The Long Strange Trips of Wojciech Jerzy Has

Wojciech Jerzy Has on the set of The Hourglass Sanatorium (1973)

The title of the retrospective running from Friday through March 31 at Film at Lincoln Center, The Long Strange Trips of Wojciech Jerzy Has, is a tip of the hat to the man most responsible for bringing the work of the Polish director to light in the States: Jerry Garcia. The Grateful Dead frontman was so wowed by The Saragossa Manuscript (1964) when he caught it at the San Francisco Film Festival in 1966 that he secured a print and donated it to the Pacific Film Archive on the condition that he could see it again any time he pleased.

Over the years that followed, The Saragossa Manuscript became an unlikely hit on the midnight movie circuit—this is, after all, a three-hour, black-and-white convoluted knot of stories-within-stories based on Jan Potocki’s 1813 novel, The Manuscript Found in Saragossa—but the prints circulating in the U.S. were shorter and choppier than Has’s original. Once again, Jerry Garcia stepped up, and in the early 1990s, he financed PFA head Edith Kramer’s trip to Europe in search of a decent and complete print. The one she found arrived in Berkeley the day before Garcia died in 1995. Martin Scorsese and Francis Ford Coppola took over the project, overseeing a restoration that toured the country in 1999.

The Napoleonic Wars are raging when an unnamed French officer discovers a mysterious book in the Spanish city his army is ravaging. The story that draws him in seems to have been written by one Alphonse van Worden, played by Zbigniew Cybulski, often referred to as Poland’s James Dean and best known for his work in Andrzej Wajda’s Ashes and Diamonds (1958). Van Worden is a Belgian captain traveling through war-torn Europe, and everyone he meets has a story to tell. And the characters in these stories have stories of their own.

Bright Lights Film Journal editor Gary Morris has noted that “there are as many as five levels of drilldown in some sequences,” and in the New York Sun, Grady Hendrix observed in 2008 that “rather than coming off as a remote, overly intellectual exercise in audience bafflement, The Saragossa Manuscript is vitally alive—full of lovers, duelists, topless nuns, cowards, and magicians. Its veins run hot with black-and-white blood, and whenever a scene begins to drag, someone inevitably interrupts with, ‘This reminds me of a story . . .’” At the end of his deep and deeply rewarding dive into the film for Cineaste in 2009, Jonathan Murray called The Saragossa Manuscript “one of the most accomplished, entertaining, and intriguing works of twentieth-century Surrealist cinema.”

Saturday’s screening in New York will be introduced by Annette Insdorf, the author of Intimations: The Cinema of Wojciech Has. “If Andrzej Wajda has excelled in political, historical or theatrical visions—foregrounding the possibility of individual nobility—Has seems leery of these options,” wrote Insdorf in the program notes for a 2015 retrospective at the Harvard Film Archive. “If Krzysztof Kieślowski invoked the possibility of love as a salvation in Three Colors: Blue, White, Red, Has’s characters rarely say, ‘I love you.’ If Krzysztof Zanussi has often dramatized ethical tensions among individuals in contemporary settings, Has was a prose poet of solitude and alienation. A formalist rather than a realist, he crafted stories that explore yearning, weakness, and loss. In the documentary Traces (2012), he says on camera, ‘During Stalinism, we learned that content was important, not form. I think the opposite.’”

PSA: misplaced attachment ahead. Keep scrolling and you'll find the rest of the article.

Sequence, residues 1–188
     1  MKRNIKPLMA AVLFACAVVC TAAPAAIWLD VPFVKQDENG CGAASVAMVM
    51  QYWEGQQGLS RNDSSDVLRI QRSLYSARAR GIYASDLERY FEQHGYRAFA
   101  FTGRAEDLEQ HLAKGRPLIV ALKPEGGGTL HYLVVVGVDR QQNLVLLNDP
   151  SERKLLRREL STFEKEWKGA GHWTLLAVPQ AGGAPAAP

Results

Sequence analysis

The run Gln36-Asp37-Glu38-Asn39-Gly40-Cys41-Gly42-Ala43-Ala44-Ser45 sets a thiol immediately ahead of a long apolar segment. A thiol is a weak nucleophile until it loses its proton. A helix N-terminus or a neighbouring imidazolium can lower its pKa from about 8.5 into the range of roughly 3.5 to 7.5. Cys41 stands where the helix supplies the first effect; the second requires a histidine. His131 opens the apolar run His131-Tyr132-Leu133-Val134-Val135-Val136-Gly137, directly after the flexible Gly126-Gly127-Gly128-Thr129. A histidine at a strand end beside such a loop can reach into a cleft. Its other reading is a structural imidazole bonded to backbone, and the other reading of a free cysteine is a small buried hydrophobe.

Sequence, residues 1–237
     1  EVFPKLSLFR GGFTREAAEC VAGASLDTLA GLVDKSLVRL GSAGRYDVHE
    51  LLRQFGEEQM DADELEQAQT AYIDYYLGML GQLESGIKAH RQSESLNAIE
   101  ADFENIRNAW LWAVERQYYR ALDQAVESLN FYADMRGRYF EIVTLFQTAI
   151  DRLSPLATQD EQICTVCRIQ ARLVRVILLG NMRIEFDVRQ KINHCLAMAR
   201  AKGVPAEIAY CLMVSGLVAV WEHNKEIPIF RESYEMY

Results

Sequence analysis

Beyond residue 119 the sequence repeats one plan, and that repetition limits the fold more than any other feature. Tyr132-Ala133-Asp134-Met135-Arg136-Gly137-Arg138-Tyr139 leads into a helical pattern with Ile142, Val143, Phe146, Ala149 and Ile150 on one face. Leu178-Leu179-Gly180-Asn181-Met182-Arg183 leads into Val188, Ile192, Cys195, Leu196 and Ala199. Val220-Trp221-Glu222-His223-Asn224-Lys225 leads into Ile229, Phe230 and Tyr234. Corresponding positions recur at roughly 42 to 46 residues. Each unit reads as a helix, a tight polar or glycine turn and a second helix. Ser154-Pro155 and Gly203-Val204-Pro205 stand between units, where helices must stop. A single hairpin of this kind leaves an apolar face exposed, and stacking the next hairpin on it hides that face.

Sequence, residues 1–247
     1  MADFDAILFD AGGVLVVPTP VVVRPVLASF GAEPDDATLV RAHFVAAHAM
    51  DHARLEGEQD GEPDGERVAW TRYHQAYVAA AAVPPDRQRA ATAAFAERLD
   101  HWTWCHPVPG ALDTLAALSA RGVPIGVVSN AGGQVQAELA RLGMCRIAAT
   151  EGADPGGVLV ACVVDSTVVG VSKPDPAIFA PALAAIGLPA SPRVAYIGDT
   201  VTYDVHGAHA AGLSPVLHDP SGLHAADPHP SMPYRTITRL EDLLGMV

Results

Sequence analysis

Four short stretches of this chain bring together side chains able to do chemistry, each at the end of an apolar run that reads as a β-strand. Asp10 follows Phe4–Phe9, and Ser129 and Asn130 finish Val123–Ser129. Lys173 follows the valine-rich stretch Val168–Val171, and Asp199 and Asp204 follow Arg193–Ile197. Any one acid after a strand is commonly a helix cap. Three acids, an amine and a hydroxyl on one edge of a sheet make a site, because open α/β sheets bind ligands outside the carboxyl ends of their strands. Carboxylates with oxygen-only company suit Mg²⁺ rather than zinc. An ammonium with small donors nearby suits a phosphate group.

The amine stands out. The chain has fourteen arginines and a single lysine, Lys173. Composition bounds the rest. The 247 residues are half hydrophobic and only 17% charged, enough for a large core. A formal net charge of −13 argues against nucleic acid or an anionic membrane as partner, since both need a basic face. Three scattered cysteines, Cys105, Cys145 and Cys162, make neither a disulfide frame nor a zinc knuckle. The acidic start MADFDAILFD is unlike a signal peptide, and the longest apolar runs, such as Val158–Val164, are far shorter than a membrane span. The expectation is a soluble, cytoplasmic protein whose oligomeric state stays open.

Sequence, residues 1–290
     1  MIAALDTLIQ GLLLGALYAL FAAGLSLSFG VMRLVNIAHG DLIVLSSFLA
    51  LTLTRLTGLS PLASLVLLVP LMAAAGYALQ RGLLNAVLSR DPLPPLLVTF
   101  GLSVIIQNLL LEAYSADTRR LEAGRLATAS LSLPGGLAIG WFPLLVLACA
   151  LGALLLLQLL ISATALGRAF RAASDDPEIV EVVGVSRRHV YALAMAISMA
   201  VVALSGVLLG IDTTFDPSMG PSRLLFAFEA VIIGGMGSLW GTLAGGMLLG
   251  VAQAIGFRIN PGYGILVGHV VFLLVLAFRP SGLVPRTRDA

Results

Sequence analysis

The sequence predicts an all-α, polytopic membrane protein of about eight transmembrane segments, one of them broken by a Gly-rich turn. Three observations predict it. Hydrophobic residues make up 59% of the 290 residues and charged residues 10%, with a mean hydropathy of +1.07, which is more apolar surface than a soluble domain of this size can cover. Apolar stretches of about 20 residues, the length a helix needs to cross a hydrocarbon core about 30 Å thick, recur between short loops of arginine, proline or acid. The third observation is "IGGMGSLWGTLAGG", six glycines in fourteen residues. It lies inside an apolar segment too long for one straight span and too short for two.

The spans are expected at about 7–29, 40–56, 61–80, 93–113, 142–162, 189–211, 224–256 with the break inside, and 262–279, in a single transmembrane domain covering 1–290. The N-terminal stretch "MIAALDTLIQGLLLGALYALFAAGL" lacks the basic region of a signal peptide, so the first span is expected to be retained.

Insdorf will also introduce The Hourglass Sanatorium (1973), an amalgamation of stories by Bruno Schulz. Józef (Jan Nowicki), a young Jewish man, visits his dying father in a sanatorium where the mysterious director claims to be able to throw time out of whack. “From the opening sequence, in which gaunt, wasted bodies are strewn on hay in a rickety train wagon, memories of the Final Solution permeate the picture,” wrote Ela Bittencourt for the Los Angeles Review of Books in 2014. “Even though this motif recedes until a much later scene, in which Józef peers through a basement window at his neighbors fleeing in panic, the entire film, as a meditation on death and extinction, is colored by unspeakable terror. By the time the film was shown in 1970s Poland, the tragedy had gained yet another dimension: the stigma of 1968, when many Polish Jews who had survived the war were forced to leave their homeland as a result of anti-Semitic campaigns. It is this double disappearance, or the double erasure, that haunts The Hourglass Sanatorium.

FLC will screen all of Has’s short films and each of his fourteen features. Surveying the oeuvre for in 2003, Ewa Nawój noted that Has made “a number of intimate psychological dramas,” citing in particular The Noose (1958), Farewells (1958), How to Be Loved (1963), and Codes (1966)—all of them based on short stories or novels. Has himself once said that his “point of departure is always literature. Operating on time. Abbreviations of time. Jumps in time. Sidetracks and various layers. Space is the domain of painting; time is the domain of literature and film. Playing with time activates the imagination of film viewers . . . The fundamental topic of cinema to me is that of the journey.”

In a brief but marvelous piece on Memoirs of a Sinner (1986) for the Notebook, David Cairns wrote in 2013 that, adapting James Hogg’s 1824 novel The Private Memoirs and Confessions of a Justified Sinner, “a kind of religious satire/polemic crossed with a doppelgänger tale,” Has “uses the tale more as a device to create unease and intrigue and create beautiful images, richly colored, hazily soft-focus, and with a slyly gliding camera which sometimes imparts an almost three-dimensional effect, aided by the different hues of light pooling his sets.”

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